Vertical Agreements. A vertical agreement is one between a seller and a buyer. For example, if Goodyear sells tires to Ford, the tire-selling agreement between them would be described as vertical. Nearly all vertical agreements are lawful under the antitrust laws, but there are two exceptions. First, "resale price maintenance," or "vertical price fixing," occurs when a seller forces a buyer to charge a certain retail price. For example, Colgate might sell toothpaste to Osco Drugs with a contract requiring Osco to retail the toothpaste for $2.00 per tube. Such a practice is unlawful. Second, vertical "nonprice" restraints are agreements under which a manufacturer limits the locations or territories in which a retailer may sell or some other significant aspect of the retailer's business. In Continental TV v. GTE Sylvania (1977), however, the Supreme Court held that very few agreements of this nature are competitively harmful. Since then, almost none have been declared illegal.
Section 2 of the Sherman Act provides that "every person who shall monopolize, or attempt to monopolize ... any part of the trade or commerce among the several States, or with foreign nations shall be deemed guilty...." This section of the Sherman Act reaches "unilateral" practices by "dominant" firms—in other words, anticompetitive conduct by monopolists that increases their power. Typically a firm must control at least 70 percent of the market in which it operates to be considered a monopoly. Even then, the firm is not behaving unlawfully. To be considered guilty of monopolization, the firm must also engage in one or more "exclusionary practices."
An exclusionary practice is something that is "unreasonably anticompetitive," which generally means it causes more harm to rivals than by ordinary competitive processes. Monopolists generally use such practices to strengthen or prolong their monopoly positions, because a monopoly is usually very profitable. In United States v. Standard Oil Co. (1911), the Supreme Court held that Standard violated section 2 by using "predatory pricing" to drive rivals out of business. Standard allegedly charged very low prices in a town until competitors were forced to declare bankruptcy or to sell their plants to Standard at very low prices.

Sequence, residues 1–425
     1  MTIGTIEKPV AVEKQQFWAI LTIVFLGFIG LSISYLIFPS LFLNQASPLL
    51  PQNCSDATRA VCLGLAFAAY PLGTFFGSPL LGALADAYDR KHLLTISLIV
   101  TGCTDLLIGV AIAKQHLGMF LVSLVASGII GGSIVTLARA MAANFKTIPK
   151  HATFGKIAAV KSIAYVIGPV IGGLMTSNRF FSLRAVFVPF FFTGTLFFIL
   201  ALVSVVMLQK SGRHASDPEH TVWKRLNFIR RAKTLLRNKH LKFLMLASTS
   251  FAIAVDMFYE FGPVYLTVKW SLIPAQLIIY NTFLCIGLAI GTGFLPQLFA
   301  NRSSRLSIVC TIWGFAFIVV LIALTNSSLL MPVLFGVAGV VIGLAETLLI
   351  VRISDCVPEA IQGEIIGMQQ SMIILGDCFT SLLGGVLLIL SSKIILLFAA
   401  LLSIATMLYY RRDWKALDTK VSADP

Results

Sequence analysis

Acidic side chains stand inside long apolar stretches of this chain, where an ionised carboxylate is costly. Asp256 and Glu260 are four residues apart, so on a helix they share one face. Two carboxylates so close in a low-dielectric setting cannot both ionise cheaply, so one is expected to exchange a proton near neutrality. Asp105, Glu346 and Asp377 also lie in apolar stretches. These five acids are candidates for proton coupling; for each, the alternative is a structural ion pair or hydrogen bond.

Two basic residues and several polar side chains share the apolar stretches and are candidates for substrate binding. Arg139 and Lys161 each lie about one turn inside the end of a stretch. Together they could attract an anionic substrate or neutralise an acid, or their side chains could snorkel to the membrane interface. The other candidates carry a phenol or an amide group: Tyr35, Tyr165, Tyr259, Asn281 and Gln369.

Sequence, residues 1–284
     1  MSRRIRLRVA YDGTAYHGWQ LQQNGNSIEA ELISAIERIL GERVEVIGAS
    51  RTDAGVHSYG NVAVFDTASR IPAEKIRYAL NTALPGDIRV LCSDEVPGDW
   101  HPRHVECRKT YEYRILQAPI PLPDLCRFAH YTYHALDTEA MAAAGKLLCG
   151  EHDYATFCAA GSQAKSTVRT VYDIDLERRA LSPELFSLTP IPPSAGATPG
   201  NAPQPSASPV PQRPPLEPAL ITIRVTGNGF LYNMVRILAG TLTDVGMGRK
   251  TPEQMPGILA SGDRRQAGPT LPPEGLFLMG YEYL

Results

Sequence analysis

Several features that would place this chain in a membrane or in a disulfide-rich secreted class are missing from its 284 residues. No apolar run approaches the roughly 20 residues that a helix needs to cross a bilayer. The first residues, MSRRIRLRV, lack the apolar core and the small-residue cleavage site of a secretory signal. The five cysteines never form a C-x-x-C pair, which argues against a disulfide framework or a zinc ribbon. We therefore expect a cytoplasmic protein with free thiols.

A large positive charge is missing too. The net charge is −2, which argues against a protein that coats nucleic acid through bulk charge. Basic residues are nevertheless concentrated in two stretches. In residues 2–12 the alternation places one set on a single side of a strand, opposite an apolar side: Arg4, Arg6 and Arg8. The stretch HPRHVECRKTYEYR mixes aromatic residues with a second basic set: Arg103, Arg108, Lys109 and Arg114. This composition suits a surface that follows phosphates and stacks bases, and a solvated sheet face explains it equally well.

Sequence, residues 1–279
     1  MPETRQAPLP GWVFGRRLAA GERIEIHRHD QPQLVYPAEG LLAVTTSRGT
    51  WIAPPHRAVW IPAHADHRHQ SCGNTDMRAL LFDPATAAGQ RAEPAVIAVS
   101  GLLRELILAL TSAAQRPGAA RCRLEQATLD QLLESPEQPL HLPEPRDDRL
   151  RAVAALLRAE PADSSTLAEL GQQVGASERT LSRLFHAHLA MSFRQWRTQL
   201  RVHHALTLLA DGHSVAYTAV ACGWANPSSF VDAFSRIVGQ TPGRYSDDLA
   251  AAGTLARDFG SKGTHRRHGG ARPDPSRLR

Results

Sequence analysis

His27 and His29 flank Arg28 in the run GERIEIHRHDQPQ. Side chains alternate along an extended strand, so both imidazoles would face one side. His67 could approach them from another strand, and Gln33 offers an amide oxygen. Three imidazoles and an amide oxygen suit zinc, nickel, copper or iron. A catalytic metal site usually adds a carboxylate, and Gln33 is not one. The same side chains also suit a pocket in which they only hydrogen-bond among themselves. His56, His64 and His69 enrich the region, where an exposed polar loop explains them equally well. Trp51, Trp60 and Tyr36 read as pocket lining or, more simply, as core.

Other exclusionary practices involve misuse of patents or other intellectual property rights. For example, in Walker Process Equip. v. Food Machinery Corp. (1965), the Supreme Court held that it was unlawful for a monopoly firm to obtain a patent fraudulently (by lying on its patent application) and then use the patent to exclude other firms from making its product.
In United States v. Microsoft Corp. (2002), a federal court in Washington, D.C., held that it was unlawful for Microsoft to engage in a number of practices that tended to prolong Microsoft's monopoly of personal computer operating systems. The practices generally limited the ability of rivals to produce competing operating systems that would have forced Microsoft to cut its prices. For example, the Netscape Internet browser and the Java programming language threatened to create an avenue through which computer users could run their programs on several different operating systems. Microsoft responded to the threat by "bundling" its own browser, Internet Explorer, into its Windows program and by developing an alternative version of Java that was incompatible with other operating systems. The result made it much more difficult for users of programs running on Windows to run them on other operating systems as well.
See also: Clayton Act of 1914; Federal Trade Commission Act.
Chamberlain, John. The Enterprising Americans: A Business History of the United States. New York: Harper and Row, 1974.
Faulkner, Harold U. American Economic History. New York: Harper, 1960.
Hovenkamp, Herbert. Federal Antitrust Policy: The Law of Competition and Its Practice, 2d ed. St. Paul, MN: West Group, 1999.
Sklar, Martin J. The Corporate Reconstruction of American Capitalism, 1890–1916. Cambridge, U.K.: Cambridge University Press, 1988.
Thorelli, Hans B. The Federal Antitrust Policy: Origination of an American Tradition. Baltimore: Johns Hopkins University Press, 1955.
Standard Oil Company